Another big reason why I wanted to do this expedition is because of the Thor Heyerdahl Climate Park. Starboard (and mainly Svein Rasmussen, the owner) work very hard to make this world a better place by using eco-friendly materials, not using plastics, recycling materials and by off-setting the carbon footprint production creates. They do this by planting mangroves in Myanmar. These mangroves absorb the CO2 in the air and the huge park where this happens is called The Thor Heyerdahl Climate Park.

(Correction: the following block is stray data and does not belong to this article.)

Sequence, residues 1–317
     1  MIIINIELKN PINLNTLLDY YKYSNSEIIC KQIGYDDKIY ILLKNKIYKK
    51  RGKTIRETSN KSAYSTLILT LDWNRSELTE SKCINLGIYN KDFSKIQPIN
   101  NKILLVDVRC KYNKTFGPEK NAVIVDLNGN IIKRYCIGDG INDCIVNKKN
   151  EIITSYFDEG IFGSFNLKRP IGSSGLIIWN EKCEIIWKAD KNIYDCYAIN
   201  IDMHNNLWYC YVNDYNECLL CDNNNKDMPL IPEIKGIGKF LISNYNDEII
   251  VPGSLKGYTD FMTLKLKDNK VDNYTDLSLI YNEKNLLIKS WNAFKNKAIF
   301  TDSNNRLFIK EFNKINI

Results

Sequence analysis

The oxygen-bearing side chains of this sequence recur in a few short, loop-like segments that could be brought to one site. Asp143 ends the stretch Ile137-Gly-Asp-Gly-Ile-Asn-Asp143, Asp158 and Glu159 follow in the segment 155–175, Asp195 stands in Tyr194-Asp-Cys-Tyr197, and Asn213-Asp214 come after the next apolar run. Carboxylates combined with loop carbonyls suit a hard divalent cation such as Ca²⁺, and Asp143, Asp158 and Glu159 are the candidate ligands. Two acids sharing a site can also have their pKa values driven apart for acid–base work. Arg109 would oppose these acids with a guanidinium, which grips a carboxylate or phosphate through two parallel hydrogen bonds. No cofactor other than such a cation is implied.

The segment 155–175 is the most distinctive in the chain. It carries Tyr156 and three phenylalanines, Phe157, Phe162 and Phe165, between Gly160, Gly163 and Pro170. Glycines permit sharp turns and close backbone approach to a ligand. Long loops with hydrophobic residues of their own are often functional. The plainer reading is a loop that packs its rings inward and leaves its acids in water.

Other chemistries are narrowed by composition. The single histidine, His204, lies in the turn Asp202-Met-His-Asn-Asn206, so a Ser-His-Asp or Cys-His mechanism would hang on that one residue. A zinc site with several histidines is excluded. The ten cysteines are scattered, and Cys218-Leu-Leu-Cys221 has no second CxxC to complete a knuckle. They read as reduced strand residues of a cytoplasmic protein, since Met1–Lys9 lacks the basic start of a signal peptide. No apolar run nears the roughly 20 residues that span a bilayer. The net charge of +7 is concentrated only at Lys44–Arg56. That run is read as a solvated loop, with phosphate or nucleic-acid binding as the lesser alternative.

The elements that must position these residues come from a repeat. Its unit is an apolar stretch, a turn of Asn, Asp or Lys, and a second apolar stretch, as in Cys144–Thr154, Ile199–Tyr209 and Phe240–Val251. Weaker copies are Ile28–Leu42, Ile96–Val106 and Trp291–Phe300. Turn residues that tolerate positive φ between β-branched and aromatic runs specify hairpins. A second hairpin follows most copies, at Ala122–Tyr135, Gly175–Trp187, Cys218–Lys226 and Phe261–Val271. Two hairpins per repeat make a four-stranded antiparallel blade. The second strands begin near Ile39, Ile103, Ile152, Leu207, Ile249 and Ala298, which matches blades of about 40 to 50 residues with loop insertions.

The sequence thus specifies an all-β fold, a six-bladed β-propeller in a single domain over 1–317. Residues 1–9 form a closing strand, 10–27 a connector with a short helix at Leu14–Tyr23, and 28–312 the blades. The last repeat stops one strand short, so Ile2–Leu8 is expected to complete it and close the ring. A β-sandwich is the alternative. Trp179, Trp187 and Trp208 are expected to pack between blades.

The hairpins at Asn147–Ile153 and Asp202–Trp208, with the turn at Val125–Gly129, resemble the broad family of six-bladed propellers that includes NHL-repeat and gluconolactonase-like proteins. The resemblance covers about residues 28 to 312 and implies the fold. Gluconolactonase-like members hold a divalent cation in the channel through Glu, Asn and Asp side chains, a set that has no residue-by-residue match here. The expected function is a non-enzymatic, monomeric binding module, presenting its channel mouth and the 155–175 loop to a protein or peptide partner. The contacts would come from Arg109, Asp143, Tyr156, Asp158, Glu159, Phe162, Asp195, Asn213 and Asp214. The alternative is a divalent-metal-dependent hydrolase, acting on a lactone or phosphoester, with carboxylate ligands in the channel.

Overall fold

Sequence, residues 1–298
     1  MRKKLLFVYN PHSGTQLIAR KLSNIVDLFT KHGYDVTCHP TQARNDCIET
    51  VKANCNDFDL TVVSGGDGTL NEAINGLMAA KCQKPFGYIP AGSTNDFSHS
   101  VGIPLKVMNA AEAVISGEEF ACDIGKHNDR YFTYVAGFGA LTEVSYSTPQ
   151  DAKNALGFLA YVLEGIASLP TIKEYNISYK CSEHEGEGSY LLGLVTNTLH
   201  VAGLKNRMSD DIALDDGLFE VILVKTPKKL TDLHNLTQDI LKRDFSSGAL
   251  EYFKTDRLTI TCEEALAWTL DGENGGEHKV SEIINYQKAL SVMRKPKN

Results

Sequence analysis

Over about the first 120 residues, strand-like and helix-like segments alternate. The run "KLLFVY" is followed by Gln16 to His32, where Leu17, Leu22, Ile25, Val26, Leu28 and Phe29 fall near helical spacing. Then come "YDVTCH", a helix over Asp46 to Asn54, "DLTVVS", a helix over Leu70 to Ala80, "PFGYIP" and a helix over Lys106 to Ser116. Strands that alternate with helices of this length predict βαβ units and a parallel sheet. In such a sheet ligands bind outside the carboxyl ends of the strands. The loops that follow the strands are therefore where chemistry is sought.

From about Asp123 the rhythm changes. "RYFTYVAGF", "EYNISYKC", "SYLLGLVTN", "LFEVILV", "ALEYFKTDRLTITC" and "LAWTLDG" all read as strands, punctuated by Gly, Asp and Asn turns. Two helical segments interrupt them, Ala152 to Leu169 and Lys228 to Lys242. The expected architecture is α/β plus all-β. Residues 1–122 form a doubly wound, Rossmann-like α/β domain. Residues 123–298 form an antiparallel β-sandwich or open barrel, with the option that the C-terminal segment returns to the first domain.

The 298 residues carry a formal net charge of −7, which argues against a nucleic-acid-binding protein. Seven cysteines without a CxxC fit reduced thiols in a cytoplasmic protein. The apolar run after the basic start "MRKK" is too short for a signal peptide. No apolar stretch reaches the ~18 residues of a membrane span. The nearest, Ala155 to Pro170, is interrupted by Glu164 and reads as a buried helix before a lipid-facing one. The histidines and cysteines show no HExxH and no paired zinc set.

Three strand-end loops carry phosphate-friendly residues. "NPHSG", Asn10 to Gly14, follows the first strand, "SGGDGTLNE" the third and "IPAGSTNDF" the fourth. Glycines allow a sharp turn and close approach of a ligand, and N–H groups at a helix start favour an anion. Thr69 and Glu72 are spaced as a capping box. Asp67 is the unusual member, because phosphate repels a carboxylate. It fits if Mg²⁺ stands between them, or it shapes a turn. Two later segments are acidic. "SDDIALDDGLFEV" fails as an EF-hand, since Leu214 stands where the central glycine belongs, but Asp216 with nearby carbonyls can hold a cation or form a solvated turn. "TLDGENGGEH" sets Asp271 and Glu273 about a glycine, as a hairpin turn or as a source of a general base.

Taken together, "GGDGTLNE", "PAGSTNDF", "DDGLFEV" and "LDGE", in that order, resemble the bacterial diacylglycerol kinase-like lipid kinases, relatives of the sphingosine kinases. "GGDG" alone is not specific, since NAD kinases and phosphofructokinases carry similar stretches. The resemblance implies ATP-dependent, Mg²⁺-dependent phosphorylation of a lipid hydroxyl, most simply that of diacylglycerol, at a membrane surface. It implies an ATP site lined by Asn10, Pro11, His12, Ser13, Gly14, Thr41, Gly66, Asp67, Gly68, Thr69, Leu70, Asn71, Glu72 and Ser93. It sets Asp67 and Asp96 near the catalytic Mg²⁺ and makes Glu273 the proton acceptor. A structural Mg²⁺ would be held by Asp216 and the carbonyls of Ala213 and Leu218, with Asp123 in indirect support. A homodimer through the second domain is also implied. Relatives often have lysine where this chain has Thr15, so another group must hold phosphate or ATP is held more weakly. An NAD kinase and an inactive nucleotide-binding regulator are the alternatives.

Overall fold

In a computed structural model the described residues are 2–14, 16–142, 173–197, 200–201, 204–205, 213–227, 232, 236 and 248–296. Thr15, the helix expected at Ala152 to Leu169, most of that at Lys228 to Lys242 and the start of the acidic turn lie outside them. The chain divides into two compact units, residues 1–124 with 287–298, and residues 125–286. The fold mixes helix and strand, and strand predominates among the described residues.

Now back to my crossing. At 5.30 pm the wind started picking up and I could point up wind enough to just make the island. I could see the contours of Fatu Hiva, rising tall straight out of the ocean but the sun was setting and without a moon I could barely see the island. Finally around 9 pm in the evening I got to the point of Fatu Hiva, derigged my sail and paddled the last two hours to Hanavave, one of the most spectacular bays you will ever encounter. Tall green rock formations, in which many faces and tikis are carved, form a narrow lush green valley where about 150 people live. Fatu Hiva is not as isolated as it was back in 1937 but still the only way to get here is by boat which visits the island every two weeks. The inhabitants fish and grow fruits. The volcanic lands are very fertile and the tall mountains provide plenty of rain.